Three selected for 2010 APA Early Graduate Student Researcher Award
The American Psychological Association’s Science Student Council (APASSC) has selected three students to receive the 2010 APA Early Graduate Student Research Award.
Each student receives a $1,000 award to be used towards research-related expenses.
Over fifty early graduate students were nominated for the award, representing all areas of research within psychological science. The recipients were selected based on the quality of their research during their initial years of graduate study.
The recipients are:
Georgia Institute of Technology
Jenay Beer is a fourth year graduate student in the Human Factors and Aging Laboratory, School of Psychology, at the Georgia Institute of Technology. She is currently fulfilling the requirements for a Ph.D. in engineering psychology. Her faculty advisors are Arthur D. Fisk and Wendy A. Rogers.
Her research examines emotionally expressive agents, both robotic and virtual, and the interactions of these agents with humans, particularly older adults. The ability to recognize facial expressions changes with age, with older adults commonly misidentifying the human facial expressions anger, fear, and sadness. Beer’s research suggests that age-related differences in emotion recognition apply to robotic and virtual agents as well as to human faces. She points out that designers might incorporate displays of negative emotions into agents in order to convey error or misunderstanding. However, older adults may interpret an agent’s intended message differently than younger adults and such differences would need to be taken into account in designing the agent.
“This award will allow me to attend conferences where I can receive critical reviews of my research from other professionals that are outside my peer group. This experience will expand my knowledge of new and exciting theories and applications in human-robot interaction. The new knowledge gained will be disseminated with my psychology cohorts in the Georgia Tech School of Psychology, bridging the gap between the fields of psychology and robotics,” Beer said.
Abigail Jenkins is in the third year of the clinical psychology doctoral program at Temple University where she works with advisor Lauren Alloy on longitudinal studies of bipolar disorder and depression.
Broadly, Jenkins’ research is designed to investigate various factors that may predict the presence, severity, and trajectories of self-injurious and suicidal behaviors. She is currently developing a measure to assess the functional antecedents and consequences of non-suicidal self-injury. She is also working on projects that examine the roles of the behavioral activation and inhibition systems and sensation-seeking personality traits in the course of self-injury. Finally, she is examining time-varying risk factors for suicidal ideation and behaviors among a sample of individuals diagnosed with bipolar-spectrum disorders.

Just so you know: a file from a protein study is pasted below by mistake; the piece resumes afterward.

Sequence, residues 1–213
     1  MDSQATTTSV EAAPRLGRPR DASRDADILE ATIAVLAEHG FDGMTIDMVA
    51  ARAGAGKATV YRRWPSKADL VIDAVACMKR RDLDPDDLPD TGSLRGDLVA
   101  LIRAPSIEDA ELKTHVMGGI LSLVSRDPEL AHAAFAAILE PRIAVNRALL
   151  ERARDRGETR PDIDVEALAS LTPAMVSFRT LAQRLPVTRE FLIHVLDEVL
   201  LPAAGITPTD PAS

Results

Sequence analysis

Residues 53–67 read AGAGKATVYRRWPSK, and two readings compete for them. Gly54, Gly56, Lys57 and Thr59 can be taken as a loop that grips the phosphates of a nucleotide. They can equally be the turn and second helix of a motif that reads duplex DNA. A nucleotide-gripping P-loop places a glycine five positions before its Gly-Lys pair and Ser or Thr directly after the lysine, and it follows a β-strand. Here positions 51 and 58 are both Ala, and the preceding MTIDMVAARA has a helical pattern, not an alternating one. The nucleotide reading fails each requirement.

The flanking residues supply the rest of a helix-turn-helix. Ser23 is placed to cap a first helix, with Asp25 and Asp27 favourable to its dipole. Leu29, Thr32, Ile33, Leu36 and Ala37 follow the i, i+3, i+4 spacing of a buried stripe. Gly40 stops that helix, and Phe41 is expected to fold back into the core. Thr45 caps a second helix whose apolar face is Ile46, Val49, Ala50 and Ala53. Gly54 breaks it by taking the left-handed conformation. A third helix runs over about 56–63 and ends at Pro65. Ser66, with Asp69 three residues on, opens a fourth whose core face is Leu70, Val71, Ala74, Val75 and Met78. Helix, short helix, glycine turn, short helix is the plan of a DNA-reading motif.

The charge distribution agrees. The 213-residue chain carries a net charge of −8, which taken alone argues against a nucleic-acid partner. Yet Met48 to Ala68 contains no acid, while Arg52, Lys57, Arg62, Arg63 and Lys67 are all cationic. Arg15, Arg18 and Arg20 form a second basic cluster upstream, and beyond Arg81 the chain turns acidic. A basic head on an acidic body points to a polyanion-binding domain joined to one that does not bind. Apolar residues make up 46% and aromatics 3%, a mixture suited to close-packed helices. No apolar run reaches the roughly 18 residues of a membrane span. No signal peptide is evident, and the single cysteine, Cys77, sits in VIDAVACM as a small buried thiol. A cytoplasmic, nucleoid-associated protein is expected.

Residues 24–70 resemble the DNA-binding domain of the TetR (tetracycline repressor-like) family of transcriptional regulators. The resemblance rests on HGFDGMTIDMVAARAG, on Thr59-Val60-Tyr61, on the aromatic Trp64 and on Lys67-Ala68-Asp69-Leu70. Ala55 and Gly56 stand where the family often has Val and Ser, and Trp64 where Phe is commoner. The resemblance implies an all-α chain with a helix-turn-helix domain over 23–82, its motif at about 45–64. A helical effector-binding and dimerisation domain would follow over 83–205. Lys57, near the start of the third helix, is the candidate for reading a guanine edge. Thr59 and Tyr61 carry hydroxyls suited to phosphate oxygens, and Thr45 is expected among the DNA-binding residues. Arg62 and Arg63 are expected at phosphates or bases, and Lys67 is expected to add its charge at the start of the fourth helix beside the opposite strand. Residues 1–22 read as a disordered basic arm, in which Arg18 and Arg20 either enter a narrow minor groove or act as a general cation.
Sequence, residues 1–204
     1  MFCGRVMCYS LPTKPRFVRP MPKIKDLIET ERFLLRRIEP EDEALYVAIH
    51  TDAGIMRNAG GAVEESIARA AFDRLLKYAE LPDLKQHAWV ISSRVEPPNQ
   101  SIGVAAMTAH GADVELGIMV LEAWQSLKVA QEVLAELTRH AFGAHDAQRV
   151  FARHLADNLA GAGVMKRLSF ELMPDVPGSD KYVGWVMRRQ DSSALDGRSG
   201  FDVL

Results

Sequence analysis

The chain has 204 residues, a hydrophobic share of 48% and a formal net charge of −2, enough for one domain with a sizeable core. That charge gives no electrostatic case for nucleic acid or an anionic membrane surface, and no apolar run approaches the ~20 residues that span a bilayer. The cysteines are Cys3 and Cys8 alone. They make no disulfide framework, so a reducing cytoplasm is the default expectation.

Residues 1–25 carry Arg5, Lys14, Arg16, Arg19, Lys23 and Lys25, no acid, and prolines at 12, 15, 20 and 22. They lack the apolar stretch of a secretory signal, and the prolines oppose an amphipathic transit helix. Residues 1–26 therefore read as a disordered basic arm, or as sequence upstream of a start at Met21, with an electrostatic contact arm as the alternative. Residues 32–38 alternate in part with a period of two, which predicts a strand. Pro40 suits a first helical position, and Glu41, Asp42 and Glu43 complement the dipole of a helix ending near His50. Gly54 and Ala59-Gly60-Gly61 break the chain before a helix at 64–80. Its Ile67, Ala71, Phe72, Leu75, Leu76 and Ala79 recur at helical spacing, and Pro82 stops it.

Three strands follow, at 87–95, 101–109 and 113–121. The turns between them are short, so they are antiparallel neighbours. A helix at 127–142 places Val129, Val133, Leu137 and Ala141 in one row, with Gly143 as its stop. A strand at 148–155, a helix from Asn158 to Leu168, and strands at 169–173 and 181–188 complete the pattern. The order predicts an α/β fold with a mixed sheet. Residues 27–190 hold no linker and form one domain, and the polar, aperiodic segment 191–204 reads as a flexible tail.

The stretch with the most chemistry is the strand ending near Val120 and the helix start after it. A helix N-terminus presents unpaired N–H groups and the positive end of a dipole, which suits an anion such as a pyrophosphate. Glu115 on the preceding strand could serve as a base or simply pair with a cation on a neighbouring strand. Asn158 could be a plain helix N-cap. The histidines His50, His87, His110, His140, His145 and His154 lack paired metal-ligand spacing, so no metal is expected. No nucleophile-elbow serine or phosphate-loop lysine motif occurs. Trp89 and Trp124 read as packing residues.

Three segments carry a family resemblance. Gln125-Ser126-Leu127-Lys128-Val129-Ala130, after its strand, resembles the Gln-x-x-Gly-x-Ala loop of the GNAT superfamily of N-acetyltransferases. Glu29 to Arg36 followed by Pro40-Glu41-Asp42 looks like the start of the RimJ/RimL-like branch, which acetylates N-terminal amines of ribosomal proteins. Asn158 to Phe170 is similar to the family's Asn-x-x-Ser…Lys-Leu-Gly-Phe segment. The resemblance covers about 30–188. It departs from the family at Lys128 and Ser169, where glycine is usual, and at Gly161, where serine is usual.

Jenkins said, “I am very surprised and honored to have received this award. I am particularly honored that the APA Science Student Council has found the research I have conducted thus far in my graduate career interesting and worthwhile. This award will be extremely helpful in facilitating my continued research on the risk factors for self-injury and suicide. I cannot thank the Science Student Council enough for its support this early in my research career.” She plans to use the funds to support her travel to scholarly conferences to disseminate and receive feedback on her research, and to obtain training and software in order to perform sophisticated statistical analyses.
Spike W. S. Lee
University of Michigan
Spike W. S. Lee is a fourth year graduate student in social psychology at the University of Michigan, where he works with Norbert Schwarz and Phoebe Ellsworth.
Lee is interested in how the human mind processes intangible yet vital components of social life such as morality, trust, and love. Are they abstract symbols stored exclusively “in the head,” or are they metaphoric concepts grounded in bodily states? His experimental work explores how deeply and specifically the body’s physical experience influences metaphorically relevant social judgment and behavior. For example, he found that people have stronger desires to wash their “dirty hands” after sinning with their hands, but to rinse their “dirty mouth” after sinning with their mouth. By cleansing themselves, people can “wipe the slate clean,” remove worries about past decisions, and eliminate dissonance in making choices. His current research extends to multiple sensory modalities, tests for bidirectional causality and cultural generality, and unpacks general mechanisms underlying metaphoric effects.
“Every meeting with Norbert and Phoebe is fun and exciting. We bounce off ideas, try out different designs, think of real-life examples, recall relevant songs and sing them, and eventually find ways to turn our aha moments into psychological-science knowledge. Receiving this prestigious award and APA’s generous funding will give us more fun in furthering our work on the mechanisms and cultural variability of embodied metaphors,” said Lee.
More About the Awards
The APASSC established the Early Graduate Student Researcher Award (formerly Early Researcher Award) in 2004 to recognize students who have demonstrated outstanding research ability early in their graduate careers. Recipients receive an award of $1,000. For more information, including application instructions and eligibility requirements, visit the Early Graduate Student Researcher Award webpage.
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